Elliot Hospital CEO says he has no agenda on mergers
MANCHESTER — In the world of hospital politics, Elliot Hospital’s incoming chief executive, Jim Woodward, has been on both sides of the hospital merger question.
During the 2000s, his Meriter Health Services hospital in Madison, Wis., flirted with the idea of closer ties to a larger health care organization attached to the University of Wisconsin. But when talks broke down, the two organizations competed aggressively against one another for several years.
Then last year, Meriter announced an affiliation with UnityPoint Health, a large, out-of-state hospital group. The result — the 448-bed Meriter — is now part of a $3.7 billion nonprofit organization with 17 hospitals and more than 280 clinics in three states.
“I’m neither pro nor con (merger),” Woodward said in an interview last week. “You have to look at the individual circumstances of the organization and what’s going on in the environment.”
Ever since the 1990s, the Greater Manchester area has been wary of hospital mergers. In 1999, a five-year merger between Elliot Hospital and its crosstown rival, Catholic Medical Center, dissolved over issues of hospital identity and abortion.
And in 2010, state officials rejected a so-called affiliation between CMC and Dartmouth-Hitchcock Medical Center, saying it amounted to a takeover.
Still, Dartmouth-Hitchcock remains interested in Greater Manchester. Last year, Dartmouth-Hitchcock and Elliot said the two organizations would collaborate on ambulatory surgery, mental health, gastroenterology and endocrinology in the Manchester area.
In announcing Woodward’s hire, Elliot board Chairman Dianne Mercier said the Elliot board has no agenda for Woodward when it comes to mergers or affiliations. Woodward is expected to take six months to learn about Elliot and New Hampshire, then begin work on a strategic plan.
“He’s not coming here with a preconceived idea of what he should be doing,” Mercier said.
At Meriter, Woodward earned $855,400 in salary and other compensation for the fiscal year ending Dec. 31, 2012, the latest year reports are publicly available through guidestar.org. Mercier said Tuesday that Woodward’s salary is under negotiation.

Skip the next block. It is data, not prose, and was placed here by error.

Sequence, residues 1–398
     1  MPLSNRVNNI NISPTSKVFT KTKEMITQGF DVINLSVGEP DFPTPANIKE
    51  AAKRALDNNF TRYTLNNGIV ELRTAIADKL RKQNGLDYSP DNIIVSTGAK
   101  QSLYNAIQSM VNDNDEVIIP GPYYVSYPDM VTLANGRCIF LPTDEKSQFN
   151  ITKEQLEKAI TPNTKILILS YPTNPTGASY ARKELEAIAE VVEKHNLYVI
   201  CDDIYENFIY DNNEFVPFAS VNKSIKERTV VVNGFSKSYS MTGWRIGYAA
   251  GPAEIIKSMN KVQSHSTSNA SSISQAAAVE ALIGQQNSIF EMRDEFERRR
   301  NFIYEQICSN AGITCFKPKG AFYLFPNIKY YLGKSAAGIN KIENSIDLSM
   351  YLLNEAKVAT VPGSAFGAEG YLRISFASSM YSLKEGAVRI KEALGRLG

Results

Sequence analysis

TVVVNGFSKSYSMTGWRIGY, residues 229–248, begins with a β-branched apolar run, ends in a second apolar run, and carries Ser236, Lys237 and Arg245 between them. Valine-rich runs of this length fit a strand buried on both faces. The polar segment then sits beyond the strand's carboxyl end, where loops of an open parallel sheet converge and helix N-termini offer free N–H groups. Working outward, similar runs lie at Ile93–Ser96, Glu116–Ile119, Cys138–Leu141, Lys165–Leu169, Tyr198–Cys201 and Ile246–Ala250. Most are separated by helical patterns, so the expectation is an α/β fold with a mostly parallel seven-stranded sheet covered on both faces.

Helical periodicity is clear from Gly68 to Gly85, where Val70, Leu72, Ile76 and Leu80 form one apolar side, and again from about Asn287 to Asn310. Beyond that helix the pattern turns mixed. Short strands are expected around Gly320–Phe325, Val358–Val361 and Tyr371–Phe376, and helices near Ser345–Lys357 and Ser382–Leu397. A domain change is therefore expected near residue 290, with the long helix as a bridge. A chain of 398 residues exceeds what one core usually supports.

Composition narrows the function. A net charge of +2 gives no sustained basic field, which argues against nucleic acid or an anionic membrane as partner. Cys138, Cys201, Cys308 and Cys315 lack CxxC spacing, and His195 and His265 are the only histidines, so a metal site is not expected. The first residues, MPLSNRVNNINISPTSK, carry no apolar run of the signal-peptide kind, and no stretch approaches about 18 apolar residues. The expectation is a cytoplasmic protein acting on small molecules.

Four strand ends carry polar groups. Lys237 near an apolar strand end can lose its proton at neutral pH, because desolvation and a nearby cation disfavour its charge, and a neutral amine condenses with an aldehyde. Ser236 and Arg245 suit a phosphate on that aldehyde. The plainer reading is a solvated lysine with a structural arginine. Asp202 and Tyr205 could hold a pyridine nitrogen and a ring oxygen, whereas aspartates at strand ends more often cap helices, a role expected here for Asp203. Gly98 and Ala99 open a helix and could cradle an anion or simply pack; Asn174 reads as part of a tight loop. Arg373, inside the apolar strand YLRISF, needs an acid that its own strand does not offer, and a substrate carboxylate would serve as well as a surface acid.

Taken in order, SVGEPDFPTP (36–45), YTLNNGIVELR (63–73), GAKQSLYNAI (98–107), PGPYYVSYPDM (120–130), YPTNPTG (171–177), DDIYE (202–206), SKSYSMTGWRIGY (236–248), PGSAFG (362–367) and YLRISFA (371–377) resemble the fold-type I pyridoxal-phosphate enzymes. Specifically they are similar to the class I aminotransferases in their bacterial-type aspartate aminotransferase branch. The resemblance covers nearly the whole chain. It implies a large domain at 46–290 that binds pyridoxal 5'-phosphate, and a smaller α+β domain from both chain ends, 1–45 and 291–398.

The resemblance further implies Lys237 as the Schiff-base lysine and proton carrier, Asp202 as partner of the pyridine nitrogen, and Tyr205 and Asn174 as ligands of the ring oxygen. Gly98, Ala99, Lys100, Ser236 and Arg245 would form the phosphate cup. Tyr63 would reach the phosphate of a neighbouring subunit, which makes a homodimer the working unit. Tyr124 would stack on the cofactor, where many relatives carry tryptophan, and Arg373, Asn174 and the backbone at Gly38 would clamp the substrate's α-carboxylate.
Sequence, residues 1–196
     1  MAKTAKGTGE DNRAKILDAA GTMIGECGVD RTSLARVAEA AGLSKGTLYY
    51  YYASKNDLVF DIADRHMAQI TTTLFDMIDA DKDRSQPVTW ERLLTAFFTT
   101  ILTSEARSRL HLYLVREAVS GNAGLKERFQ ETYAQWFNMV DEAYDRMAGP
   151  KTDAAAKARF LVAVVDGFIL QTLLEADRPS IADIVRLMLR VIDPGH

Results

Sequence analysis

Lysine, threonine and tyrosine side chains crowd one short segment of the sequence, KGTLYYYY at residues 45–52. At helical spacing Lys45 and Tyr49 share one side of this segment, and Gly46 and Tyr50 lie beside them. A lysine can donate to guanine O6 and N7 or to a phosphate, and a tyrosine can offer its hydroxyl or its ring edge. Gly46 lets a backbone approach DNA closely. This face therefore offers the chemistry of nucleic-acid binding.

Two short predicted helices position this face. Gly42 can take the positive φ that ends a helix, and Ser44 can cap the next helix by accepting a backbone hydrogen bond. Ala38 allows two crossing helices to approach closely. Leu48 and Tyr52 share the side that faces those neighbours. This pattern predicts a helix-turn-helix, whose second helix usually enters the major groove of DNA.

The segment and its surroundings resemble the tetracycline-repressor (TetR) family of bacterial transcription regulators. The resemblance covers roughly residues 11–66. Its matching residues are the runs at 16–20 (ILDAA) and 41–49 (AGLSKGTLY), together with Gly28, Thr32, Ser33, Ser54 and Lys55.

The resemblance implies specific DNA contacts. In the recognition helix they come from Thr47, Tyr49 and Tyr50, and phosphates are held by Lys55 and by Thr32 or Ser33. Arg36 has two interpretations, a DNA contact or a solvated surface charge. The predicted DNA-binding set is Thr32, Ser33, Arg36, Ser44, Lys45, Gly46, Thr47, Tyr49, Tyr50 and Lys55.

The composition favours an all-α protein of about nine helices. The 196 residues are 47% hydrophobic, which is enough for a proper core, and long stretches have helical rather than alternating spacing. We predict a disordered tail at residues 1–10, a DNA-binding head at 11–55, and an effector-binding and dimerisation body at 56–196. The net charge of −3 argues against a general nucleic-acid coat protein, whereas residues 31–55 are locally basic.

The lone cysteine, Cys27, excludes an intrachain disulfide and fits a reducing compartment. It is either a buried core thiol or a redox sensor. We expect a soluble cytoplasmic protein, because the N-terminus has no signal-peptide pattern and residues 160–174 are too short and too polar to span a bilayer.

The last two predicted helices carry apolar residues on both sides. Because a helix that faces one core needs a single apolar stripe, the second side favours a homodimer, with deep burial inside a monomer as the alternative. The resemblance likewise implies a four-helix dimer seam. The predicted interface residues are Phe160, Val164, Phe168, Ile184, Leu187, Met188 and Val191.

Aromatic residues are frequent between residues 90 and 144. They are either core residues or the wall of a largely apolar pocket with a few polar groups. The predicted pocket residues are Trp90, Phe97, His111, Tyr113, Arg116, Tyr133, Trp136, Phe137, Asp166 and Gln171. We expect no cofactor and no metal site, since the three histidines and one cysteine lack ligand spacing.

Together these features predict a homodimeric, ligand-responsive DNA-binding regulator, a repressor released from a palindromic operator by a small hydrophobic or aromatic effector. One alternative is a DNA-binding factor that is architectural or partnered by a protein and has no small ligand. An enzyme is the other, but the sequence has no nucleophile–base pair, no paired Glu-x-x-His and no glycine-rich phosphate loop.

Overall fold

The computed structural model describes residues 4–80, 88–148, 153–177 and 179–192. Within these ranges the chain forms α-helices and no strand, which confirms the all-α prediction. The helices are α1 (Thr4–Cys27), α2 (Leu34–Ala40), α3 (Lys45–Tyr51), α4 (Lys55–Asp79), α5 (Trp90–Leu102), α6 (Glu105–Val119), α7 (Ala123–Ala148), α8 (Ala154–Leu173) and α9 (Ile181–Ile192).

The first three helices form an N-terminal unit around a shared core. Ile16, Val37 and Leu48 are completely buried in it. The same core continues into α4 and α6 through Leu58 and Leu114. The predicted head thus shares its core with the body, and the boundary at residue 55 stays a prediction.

Madison is home to about 240,000 residents. It is the capital of Wisconsin and home to the state university.
The hospital battles in Madison drew much newspaper coverage, said Lisa Brunette, a spokesman for UW Health of Madison, Wis. She said two UW Health board members most familiar with the merger issues were not available for comment.
Meriter was Madison’s only independent, community hospital when Woodward joined it in 2007. He said his board told him to address the overtures from UW Health.
Woodward said discussions fell apart over two issues. Meriter was losing services such as MRIs to UW Health, and UW Health wanted its medical staff to have a monopoly at the hospital. That would end Meriter privileges for about 100 physicians, Woodward said.
“We said we would not turn our back on them,” he said.
According to the Wisconsin State Journal, the two organizations started building clinics close to each other’s established clinics. UW Health announced plans for a fifth hospital in Madison.
Meriter enlarged its physician-practice group, and its hospital-owned HMO started requiring some patients to use Meriter, the newspaper reported.
Simultaneously, the organizations collaborated on maternity care, fertility care and the Madison Surgery Center, the newspaper said. Woodward said one of his board members termed the relationship “coop-etition.”
By 2010, health care was changing, Woodward said. Obamacare had passed into law, executives expected accountable care organizations, and hospitals were consolidating in Chicago, Milwaukee and Minnesota.
“It was a different set of circumstances. The world had changed,” Woodward said. “We wanted to find a partner when we were strong.”
As part of the affiliation, Meriter retains its independent board. The deal provided UnityPoint an entree into Wisconsin as well as the health-insurance business. Meriter owns a majority share in Physicians Plus Insurance Corp. (PPIC), a for-profit, provider-owned health insurance plan.
But PPIC has struggled. It lost $46 million in a recent 18-month period, according to Modern Healthcare.
UnityPoint executives have said PPIC is beating projections for the current fiscal year.
Woodward said Wisconsin is one of the leaders in the country in provider-owned health plans. He said all provider-owned plans in Wisconsin are losing money, which he attributes to competitive pressures.
In New Hampshire, no such plans exist. But Elliot has partnered with Dartmouth-Hitchcock and Harvard-Pilgrim Health Care to create ElevateHealth, a health insurance plan offered to employers.
“I think it could really be a win-win for all three organizations,” Woodward said.
Woodward said Elliot is in a strong position. It has a 50 percent market share. It has a large physician network, and it has fully implemented its electronic medical record system, he said.